Notably, the United States and Japan – the first and third largest economies in the world – have declined to join the bank, citing concerns over potential operational practices and policies, and the competition it could provide to existing MDBs. However, China insists the AIIB will address regional development challenges by working collaboratively with other MDBs and that it will promote regional cooperation, despite concerns that it will compete with, rather than complement the work of the World Bank and the Asian Development Bank.
The function of the AIIB
The AIIB intends to facilitate sustainable economic growth, improve infrastructure networks across Asia and create wealth by promoting and encouraging public and private investment in infrastructure and other productive sectors such as energy and power, transportation and logistics.
It will focus primarily on financing specific projects or investment programs, equity investments and guarantees. It is mandated to make, co-finance or participate in direct loans, as well as:
- invest in the equity capital of an enterprise;
- guarantee loans for economic development;
- deploy donor funds in accordance with the agreements determining their use; and
- provide other types of financing as may be determined by the Board.
In addition to the capital provided by its members, the AIIB will benefit the regional debt capital market by raising funds primarily through the issuance of bonds in financial markets and through inter-bank market transactions.
As well as financial assistance, the AIIB may also provide technical advice and assistance.
What does the AIIB mean for the construction industry and the region?
Only time will tell whether the AIIB will live up to its vision of taking Asia's infrastructure into the 21st century, whilst all the while promoting regional cooperation and partnerships. On one view, the bank is merely seeking to replicate the way in which other MDBs currently operate in the region, albeit with a strong Chinese influence. On the other hand, given the strong influence of China on the AIIB, it is likely to prove to be the most effective vehicle to mobilise Chinese investment in the developing states of Asia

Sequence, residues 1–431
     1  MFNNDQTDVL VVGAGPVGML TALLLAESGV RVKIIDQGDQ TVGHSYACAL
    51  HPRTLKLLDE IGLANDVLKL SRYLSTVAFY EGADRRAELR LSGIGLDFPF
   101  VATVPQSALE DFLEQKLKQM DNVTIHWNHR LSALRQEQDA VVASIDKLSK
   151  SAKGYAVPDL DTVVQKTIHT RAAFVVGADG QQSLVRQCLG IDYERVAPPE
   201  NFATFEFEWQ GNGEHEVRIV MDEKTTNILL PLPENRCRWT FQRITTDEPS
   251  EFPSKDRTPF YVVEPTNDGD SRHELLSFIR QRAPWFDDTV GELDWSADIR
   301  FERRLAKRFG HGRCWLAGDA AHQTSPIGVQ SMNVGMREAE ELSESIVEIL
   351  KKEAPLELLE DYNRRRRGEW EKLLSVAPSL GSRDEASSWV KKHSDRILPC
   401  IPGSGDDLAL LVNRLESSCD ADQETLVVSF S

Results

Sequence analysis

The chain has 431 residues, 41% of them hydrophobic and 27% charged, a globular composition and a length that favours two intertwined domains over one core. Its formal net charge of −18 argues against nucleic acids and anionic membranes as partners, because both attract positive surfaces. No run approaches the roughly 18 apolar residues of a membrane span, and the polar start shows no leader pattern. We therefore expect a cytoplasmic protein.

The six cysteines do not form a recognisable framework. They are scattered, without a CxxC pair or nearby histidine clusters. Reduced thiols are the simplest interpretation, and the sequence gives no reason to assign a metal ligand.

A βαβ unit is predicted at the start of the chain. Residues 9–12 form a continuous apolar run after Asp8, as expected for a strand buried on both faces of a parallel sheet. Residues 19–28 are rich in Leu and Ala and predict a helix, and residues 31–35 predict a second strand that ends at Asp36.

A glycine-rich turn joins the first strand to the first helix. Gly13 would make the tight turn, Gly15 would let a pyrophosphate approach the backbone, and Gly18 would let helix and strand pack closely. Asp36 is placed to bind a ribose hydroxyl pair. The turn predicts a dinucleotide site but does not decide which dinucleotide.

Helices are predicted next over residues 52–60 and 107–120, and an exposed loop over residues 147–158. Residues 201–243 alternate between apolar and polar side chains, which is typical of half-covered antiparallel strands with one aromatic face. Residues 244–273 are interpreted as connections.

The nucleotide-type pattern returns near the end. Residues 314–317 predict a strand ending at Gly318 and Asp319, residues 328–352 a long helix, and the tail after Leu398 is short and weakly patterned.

The bank's Board of Governors and Directors held their first meeting on 16 – 18 January 2016 and approved key policies, such as the 2016 business plan and budget. Mr Jin Liqun, a Chinese banker and politician, was also elected as President of the bank for a five year term. The first projects are expected to be submitted for approval in the second quarter of 2016 and the AIIB is aiming to lend USD 10-15 billion a year for the first five or six years of operation.
Recent reports suggest that senior management positions within the AIIB will be occupied by nationals from a variety of countries. The five vice-president positions are expected to be filled by nationals from Germany, Britain, India, South Korea and Indonesia, with the German vice-president anticipated to hold the position of chief operating officer.
The AIIB's progress will continue to be of interest to all regional players in the construction industry. Clyde & Co's Global Projects and Construction team has extensive experience advising on infrastructure and other projects in Asia and will provide updates as they arise. Please contact us if you require any further information in relation to this article.
For further information, please contact:
Glen Warwick, Partner, Clyde & Co